For a higher functioning special needs child Power Of Attorney may be an option but remember this: the child must be mentally capable of granting Power Of Attorney to the parent. When or if the donor (child) becomes incapacitated the document will lose it's effectiveness and enforceability unless this possible scenario is specified in the original requested document. This is commonly referred to as Durable Power Of Attorney.

Eaglet: Speak English! I don't know the meaning of half those long words and I don't believe you do either!

Summary: When your special needs child turns 18 they are no longer your child.

Alice: I wonder if I've been changed in the night? Was I the same when I got up this morning? I almost think I can remember feeling a little different. But if I'm not the same the next question is 'Who in the world am I?' Ah, that's the great puzzle!

Great puzzle, indeed.

Start now by aligning yourselves with other knowledgeable parents and groups like STAND. You'll be glad you did.

I'll keep you posted on the Guardian Advocacy process for The Teenager.

Let's hope it goes more smoothly than S-O-C-I-A-L S-E-C-U-R-I-T-Y.
That spells M-A-D-N-E-S-S.

Alice: But I don't want to go among mad people
Cheshire Cat: Oh but you must, you can't help that, we're all mad here. I'm mad. you're mad.
Alice: How do you know that I'm mad?
Cheshire Cat: You must be, or you wouldn't have come here.


Lilith said...

I agree but also had to apply for guardianship of Katie when she turned eighteen. Although we happen to be good parents, not all children are so fortunate I suppose. It's a heavy handed, complicated way of trying to protect the rights of handicapped people.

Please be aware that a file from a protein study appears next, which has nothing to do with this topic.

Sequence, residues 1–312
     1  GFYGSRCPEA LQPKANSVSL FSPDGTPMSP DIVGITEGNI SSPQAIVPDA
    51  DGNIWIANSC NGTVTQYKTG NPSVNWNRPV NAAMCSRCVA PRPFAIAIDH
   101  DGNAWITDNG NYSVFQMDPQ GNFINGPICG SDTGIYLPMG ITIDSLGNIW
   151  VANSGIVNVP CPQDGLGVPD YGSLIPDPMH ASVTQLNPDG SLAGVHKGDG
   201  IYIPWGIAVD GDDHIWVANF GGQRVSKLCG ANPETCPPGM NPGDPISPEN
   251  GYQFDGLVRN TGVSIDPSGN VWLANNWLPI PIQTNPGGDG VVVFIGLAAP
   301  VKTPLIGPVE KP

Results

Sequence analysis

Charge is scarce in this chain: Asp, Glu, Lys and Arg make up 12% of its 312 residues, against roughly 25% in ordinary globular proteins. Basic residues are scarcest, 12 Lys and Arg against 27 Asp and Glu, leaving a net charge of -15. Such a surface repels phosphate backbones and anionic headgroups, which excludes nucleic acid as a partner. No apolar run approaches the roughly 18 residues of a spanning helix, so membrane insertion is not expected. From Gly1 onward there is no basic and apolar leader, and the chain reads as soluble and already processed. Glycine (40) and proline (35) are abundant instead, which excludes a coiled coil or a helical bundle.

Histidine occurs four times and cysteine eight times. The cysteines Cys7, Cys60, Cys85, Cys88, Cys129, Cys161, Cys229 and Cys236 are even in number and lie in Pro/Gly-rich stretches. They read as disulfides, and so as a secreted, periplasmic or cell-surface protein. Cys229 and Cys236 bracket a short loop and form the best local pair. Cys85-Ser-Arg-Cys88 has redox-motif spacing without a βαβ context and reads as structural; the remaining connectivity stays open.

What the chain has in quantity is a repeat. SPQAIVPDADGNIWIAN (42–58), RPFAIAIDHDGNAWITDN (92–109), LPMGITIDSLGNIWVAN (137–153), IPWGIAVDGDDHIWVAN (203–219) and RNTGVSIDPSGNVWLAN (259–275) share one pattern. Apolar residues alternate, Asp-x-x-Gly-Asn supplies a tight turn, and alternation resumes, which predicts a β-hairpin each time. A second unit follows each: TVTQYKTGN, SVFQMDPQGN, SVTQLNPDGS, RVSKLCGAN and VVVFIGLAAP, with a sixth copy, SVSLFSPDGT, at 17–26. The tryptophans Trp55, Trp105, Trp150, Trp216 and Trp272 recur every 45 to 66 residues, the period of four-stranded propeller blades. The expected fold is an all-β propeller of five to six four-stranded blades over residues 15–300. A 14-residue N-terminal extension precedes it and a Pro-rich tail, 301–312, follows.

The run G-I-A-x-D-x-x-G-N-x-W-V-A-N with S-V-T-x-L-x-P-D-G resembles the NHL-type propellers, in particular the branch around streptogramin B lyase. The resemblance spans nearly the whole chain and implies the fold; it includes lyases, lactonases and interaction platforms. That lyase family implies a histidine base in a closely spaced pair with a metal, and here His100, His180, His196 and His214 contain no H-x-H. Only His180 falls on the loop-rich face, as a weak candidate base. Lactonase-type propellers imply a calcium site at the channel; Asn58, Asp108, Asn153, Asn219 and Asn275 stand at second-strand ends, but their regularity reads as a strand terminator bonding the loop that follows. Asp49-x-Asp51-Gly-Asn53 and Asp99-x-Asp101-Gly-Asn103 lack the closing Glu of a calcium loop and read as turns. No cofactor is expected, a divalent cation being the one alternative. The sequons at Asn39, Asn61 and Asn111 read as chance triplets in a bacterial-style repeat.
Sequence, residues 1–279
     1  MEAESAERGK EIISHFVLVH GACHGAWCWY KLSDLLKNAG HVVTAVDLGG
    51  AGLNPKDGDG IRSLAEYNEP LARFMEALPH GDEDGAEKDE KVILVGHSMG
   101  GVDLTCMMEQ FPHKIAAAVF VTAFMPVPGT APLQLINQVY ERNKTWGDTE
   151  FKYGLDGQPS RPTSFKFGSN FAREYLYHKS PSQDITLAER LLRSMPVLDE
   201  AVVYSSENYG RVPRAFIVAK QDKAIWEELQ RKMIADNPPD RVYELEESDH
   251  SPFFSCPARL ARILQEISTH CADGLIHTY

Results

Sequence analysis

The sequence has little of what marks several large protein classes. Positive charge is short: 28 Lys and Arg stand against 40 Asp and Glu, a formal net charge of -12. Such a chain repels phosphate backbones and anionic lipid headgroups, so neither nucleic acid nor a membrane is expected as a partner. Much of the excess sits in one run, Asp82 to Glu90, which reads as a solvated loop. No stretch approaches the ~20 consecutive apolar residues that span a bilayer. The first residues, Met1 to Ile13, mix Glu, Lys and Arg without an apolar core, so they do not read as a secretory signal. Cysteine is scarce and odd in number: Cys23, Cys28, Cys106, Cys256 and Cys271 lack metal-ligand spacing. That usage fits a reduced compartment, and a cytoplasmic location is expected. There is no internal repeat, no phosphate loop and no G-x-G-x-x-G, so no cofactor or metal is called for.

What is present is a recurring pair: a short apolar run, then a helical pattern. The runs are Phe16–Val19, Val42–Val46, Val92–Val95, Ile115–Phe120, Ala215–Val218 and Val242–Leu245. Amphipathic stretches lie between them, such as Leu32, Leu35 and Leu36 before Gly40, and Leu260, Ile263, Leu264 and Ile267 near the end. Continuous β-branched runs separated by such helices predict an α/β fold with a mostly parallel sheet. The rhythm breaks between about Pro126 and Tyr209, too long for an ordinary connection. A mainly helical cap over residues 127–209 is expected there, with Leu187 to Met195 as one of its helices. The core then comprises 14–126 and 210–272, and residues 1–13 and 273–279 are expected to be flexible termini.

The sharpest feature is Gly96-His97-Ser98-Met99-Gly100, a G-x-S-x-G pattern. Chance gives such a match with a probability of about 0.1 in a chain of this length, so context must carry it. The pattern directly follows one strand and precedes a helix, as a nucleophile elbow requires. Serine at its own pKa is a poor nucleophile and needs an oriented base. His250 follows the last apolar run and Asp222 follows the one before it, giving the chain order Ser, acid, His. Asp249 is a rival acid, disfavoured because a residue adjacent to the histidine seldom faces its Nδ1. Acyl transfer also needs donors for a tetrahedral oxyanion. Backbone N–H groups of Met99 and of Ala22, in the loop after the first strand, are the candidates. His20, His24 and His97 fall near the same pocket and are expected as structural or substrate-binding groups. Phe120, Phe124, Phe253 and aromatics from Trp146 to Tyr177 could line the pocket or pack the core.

Elizabeth said...

I read a bit about the troubles that Single Dad had getting guardianship of his daughter. Oy.

I need to start this, I suppose, since my Sophie is turning seventeen in March.

Thanks for the information so artfully, black-humoredly told -- I do love that.

The Mad Hatter

Erin said...

Thanks for blazing the trail. Ive got 10 years before I cross this bridge. My 8 yo soon-to-be-adopted son is working on being able to write his first name this year. Would it be cheating to change his name to Bob?


Lillith: You are correct. There are many unscrupulous people out there who take advantage of the elderly and disabled on a daily basis

Elizabeth: Black humor,. I like that...

Erin....or Tom or Art or Leo. Three letter names are the best!

Zoey's mom, Heather said...

Oh crap ... she is not quite 5 but sounds like I should be getting my ducks in a row,like now, seeing Lord knows what lies ahead for us 13 years from now. I was just trying to figure out how it is I am going to transition her from the baby tub to a big tub without breaking my back. Seems like I should redirect my focus.Geesh.

Thanks for all you do, for all of us, who lag behind you a bit.

Melinda said...

How can we get you appointed to a government position to advocate on a higher level??


Zoey's mom: I am going though the same dilemma with The Baby about the tub thing. she is getting sooooo heavy and there used to be funding for bath chairs, etc at her age but the waiting list for the program she qualified for at 3 yrs (I learned this at the conference too) is now is now 12 years long! At 16 I'll be worrying more about guardianship for her and not a bath chair!


Melinda: ACK! ACK! ACK! I hate politics...although.....I could be enticed to run under the pseudonym of "GRAMBO."